Logan City Council provided 3 development options, the “pros and cons of each scenario were provided with all three options receiving similar preference”. Therefore Logan City Council’s preferred Option 1 (used by the ULDA) is not representative of the opinions of the majority of the community.
In the 3 Options proposed for Greater Flagstone by Logan City Council, the land uses for Greenbank Central , Greenbank East and North Maclean were almost identical in all 3 Options.Options 1 and 2 were identical and Option 3 had no industry located at Greenbank East.
Consequently the community has NEVER been given the democratic right to reject or seek alternatives for North Maclean , Greenbank Central or Greenbank East .
If you care about the future of North Maclean , Greenbank Central or Greenbank East, make a submission to ULDA Greater Flagstone UDA by May 20 to have your input considered. There will be little point in complaining in the future.
Koalas, quolls, powerful owls, glossy black cockatoos all use the habitat in these areas.
A long term resident of Greenbank last night reported hearing the unmistakable calls / grunts of koalas in trees on his property. This information was relayed to me less than 40 minutes after the noisy koala. Evidence available to us that koalas are NOT locally extinct in Greenbank . We were both attending the SAVE GREENBANK CAMPAIGN meeting 23 February2011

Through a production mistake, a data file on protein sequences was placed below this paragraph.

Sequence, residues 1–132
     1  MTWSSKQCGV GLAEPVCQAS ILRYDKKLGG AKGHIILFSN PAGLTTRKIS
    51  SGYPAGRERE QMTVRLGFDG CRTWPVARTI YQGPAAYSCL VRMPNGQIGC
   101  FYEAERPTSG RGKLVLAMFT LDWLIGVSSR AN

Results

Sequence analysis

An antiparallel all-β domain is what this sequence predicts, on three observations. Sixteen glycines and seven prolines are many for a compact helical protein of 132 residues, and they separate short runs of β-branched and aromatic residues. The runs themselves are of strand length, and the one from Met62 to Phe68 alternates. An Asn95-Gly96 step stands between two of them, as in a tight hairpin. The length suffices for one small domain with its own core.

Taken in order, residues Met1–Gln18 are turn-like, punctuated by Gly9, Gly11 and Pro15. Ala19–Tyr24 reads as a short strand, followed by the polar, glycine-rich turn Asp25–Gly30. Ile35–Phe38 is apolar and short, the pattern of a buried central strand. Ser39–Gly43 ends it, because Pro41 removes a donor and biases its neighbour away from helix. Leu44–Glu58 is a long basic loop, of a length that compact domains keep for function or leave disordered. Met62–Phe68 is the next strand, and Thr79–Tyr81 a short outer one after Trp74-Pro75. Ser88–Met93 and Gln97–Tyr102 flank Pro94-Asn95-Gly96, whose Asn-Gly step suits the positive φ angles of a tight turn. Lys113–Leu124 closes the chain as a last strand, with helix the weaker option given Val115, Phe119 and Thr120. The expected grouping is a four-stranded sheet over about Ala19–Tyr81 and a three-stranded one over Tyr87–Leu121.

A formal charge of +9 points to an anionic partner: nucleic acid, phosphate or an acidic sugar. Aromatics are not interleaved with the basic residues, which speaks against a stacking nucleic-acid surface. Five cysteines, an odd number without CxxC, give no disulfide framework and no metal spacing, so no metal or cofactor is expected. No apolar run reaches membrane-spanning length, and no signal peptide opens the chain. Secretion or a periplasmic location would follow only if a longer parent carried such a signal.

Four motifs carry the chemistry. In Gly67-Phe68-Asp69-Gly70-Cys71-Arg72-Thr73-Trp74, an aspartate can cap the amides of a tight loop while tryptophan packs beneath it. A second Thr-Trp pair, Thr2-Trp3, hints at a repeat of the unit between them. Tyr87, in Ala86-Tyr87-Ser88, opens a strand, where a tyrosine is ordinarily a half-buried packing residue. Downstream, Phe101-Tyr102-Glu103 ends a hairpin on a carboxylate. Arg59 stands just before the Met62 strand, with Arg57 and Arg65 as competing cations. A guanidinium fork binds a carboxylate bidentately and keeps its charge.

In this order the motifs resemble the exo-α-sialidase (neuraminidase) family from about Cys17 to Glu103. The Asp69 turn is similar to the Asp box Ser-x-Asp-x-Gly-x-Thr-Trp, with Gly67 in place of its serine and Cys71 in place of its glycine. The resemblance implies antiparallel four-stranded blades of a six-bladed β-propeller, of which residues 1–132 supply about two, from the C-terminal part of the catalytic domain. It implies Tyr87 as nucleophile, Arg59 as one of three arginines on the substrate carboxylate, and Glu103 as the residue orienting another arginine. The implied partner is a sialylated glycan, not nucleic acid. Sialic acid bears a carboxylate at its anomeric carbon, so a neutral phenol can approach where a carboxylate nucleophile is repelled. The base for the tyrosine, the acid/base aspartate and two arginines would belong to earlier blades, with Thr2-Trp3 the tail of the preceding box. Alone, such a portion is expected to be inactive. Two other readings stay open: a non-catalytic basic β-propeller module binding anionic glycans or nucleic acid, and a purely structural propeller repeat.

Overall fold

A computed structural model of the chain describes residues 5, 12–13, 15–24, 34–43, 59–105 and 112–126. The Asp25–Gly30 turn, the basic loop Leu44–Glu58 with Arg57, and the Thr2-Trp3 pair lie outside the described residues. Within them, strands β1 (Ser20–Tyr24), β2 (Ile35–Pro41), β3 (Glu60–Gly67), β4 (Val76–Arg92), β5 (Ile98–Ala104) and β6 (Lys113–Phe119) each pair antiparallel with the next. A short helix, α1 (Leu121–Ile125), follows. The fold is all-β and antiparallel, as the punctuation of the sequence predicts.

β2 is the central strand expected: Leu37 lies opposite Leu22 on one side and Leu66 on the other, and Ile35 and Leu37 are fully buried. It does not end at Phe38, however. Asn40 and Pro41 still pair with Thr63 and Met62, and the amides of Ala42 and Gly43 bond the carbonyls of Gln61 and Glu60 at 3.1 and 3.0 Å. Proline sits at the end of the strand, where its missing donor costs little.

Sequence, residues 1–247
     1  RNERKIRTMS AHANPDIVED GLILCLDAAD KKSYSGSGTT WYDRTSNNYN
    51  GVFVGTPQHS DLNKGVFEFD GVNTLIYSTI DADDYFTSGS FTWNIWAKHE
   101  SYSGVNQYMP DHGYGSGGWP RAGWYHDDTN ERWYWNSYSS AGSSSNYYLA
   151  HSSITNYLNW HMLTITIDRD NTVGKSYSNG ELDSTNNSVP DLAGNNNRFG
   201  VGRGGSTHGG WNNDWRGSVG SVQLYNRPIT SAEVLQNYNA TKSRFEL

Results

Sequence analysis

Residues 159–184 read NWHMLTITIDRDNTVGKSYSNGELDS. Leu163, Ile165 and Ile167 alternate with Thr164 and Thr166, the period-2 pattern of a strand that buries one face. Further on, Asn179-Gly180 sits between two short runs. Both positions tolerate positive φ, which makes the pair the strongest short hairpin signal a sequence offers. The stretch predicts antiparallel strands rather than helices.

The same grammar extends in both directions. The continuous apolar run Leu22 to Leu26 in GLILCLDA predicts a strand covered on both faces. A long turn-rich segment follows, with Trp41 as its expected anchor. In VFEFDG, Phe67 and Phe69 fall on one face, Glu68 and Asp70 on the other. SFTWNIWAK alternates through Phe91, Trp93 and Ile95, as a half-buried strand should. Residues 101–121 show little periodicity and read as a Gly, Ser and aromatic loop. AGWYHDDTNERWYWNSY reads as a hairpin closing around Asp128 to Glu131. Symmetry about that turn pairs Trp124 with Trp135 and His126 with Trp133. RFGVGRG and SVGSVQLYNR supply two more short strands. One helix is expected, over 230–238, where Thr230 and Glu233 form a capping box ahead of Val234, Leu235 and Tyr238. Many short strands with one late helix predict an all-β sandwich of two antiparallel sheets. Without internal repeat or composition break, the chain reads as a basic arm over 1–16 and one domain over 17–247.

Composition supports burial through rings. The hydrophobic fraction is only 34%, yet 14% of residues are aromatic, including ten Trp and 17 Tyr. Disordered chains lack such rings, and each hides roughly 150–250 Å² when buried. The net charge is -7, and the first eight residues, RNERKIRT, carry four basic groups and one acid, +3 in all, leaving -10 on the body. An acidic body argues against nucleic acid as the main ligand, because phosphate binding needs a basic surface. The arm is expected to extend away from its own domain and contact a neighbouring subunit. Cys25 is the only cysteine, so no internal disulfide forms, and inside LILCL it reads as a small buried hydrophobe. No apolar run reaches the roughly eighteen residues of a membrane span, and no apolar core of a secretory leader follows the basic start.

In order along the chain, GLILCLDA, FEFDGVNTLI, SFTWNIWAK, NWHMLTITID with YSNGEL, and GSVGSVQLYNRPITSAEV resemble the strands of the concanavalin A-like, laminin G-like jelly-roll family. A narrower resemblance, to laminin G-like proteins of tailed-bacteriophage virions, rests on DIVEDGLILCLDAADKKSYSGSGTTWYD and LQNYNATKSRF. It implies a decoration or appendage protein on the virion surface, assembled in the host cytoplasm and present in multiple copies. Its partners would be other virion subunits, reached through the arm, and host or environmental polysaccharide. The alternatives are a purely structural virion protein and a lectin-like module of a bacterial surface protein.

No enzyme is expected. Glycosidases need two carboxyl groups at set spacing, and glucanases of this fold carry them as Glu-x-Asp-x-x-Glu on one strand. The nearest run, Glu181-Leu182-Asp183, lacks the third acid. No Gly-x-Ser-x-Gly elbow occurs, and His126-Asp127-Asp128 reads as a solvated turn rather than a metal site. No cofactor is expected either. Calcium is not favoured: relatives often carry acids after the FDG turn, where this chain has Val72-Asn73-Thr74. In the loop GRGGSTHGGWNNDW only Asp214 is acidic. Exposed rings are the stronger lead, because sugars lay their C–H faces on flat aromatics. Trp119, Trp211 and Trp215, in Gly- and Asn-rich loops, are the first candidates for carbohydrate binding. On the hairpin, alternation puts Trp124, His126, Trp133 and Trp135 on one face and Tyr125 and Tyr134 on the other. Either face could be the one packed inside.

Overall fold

If we can prove that our resident Greenbank Jimboomba Flagstone koalas are alive and wellwe will have a greater chance of delaying inappropriate development.
Many of us have resident koalas that we see but do not report. Please report your sightings to LACA president Anne Page mkpage@bigpond. We have arranged to have our wildlife sightings accepted by DERM and ULDA.
SPOTTED TAILED QUOLL have also been seen in the area. We need to update that data also. GLOSSY BLACK COCKATOOS are another significat species. While all species are important to the survival of the habitat humans also need to have a healthy lifestyle, the more iconic species named carry greater levels of protection.
The biodiversity of SEQ is threatened - and that includes we humans. Our wildlife species need the humans who co-exist with them enjoying the same ecosystem services as the wildlife to speak up and contact the governing authorities.